Madrid, Aug 2 (EFE) .- The editor Paul Duncan, editor of Taschen, is clear that “there should be more George Lucas” in the world and that is why in the new installment he has made about the process of creating “Star Wars. Episodes I-III “wanted to delve into” how “the filmmaker managed to create this unique universe.
This is how he considers it because, according to Efe, what the American filmmaker has achieved with “Star Wars” is not only a series of films that go beyond the fantasy genre, but has created a “symbiotic universe” thanks to the technological innovation with which he has worked, exactly what Duncan reflects in the book “Star Wars. The archives. Episodes I-III 1999-2005” (Taschen).
“Generally when you do an interview you expect the perfect answer, but when I interviewed George Lucas what interested me is that he knew he had no answers. He began to tell me about the philosophy behind these films and the symbiosis that exists between his two worlds, that of the characters and reality, “Duncan explains.
Therefore, to understand what is in Lucas’s mind, the British publisher started with an “intention”, that of finding not the “why” but the “how” the filmmaker made these films.
“I wanted to present George’s philosophy, present how movies were made and imagine how it was made in a book that shows everything he has had to create in the digital world,” he adds.
This is what this large volume and 6.4 kilos of weight shows because, according to Lucas himself in the prologue of the work, to make these films he had to “develop the necessary technology”.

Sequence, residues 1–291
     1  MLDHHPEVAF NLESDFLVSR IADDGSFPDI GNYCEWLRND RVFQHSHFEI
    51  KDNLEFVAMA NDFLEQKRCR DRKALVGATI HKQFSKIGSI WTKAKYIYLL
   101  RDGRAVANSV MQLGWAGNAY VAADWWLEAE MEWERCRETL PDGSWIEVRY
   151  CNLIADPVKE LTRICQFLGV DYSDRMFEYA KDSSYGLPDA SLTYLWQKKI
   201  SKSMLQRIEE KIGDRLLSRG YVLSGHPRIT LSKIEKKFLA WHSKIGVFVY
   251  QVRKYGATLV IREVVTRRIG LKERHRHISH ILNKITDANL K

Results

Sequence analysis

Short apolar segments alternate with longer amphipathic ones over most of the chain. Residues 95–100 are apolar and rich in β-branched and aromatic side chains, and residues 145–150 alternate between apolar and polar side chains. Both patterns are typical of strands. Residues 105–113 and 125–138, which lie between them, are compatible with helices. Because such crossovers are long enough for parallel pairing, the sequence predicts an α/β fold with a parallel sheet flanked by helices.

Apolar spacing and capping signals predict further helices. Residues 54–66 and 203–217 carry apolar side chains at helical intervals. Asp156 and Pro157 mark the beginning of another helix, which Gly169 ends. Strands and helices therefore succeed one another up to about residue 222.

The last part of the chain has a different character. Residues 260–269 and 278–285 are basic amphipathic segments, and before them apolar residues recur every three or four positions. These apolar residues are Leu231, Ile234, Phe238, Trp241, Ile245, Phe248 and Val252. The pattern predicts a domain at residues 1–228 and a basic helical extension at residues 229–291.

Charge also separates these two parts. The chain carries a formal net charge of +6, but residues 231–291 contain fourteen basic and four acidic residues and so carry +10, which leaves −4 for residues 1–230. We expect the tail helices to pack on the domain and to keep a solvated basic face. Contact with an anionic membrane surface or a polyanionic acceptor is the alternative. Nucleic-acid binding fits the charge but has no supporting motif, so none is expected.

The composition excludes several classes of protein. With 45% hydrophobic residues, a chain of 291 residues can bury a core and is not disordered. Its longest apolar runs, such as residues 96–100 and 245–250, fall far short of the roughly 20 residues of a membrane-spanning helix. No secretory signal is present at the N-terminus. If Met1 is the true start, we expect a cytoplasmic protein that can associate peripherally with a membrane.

“While doing ‘Star Wars’ a lot of things were out of my reach: I couldn’t show big street scenes and I couldn’t have extraterrestrial characters other than anthropomorphic figures walking the streets. I had to face certain questions: how do I create Jabba and Hutt? How do I create Yoda, who is barely 45 cm tall and make him interpret a scene in a credible way? “, Says Lucas (California, United States, 1944) in the prologue.
Questions he found an answer to thanks to the technology he applied to each of the tapes. For example, and in the case of Yoda in “Episode II”, Lucas had to create a “believable” digital replica of this “little green man” that would “look close enough” to the original puppet.
An explanation that Duncan collects in this work that also contains large photographs of those imaginary scenarios in which the main actions take place, such as the kiss scene between Padmé and Anakin in “Episode II”, places with a real base shot in New Zealand.
“I want to show how Lucas’s trip was, how he did it and how he found the characters”, clarifies the editor of Taschen, author of other books on Almodovar, Hitchcock or the previous installment of “Star Wars” in which he covers the work de Lucas between 1977 and 1983.
Regarding the characters, Duncan admits, it is difficult for him to stay with any of them, but he cannot help but express his opinion about one of the pillars of this story set in distant galaxies: Anakin.
“Anakin does not need help from anyone to create his power, and all the problems he has are caused by him, and this makes the character grow and shows what a good writer George is,” he says.
And, if something Ducan feels for the American creator, it is admiration for that “philosophy” that he has embodied in “Star Wars” and for how he works together with his team.
“I have met many people who have worked for George and they are very creative (…) He works with them very closely. That is why we need more George Lucas,” he concludes about the protagonist of this book, which is on sale for 150 euros being a deluxe edition.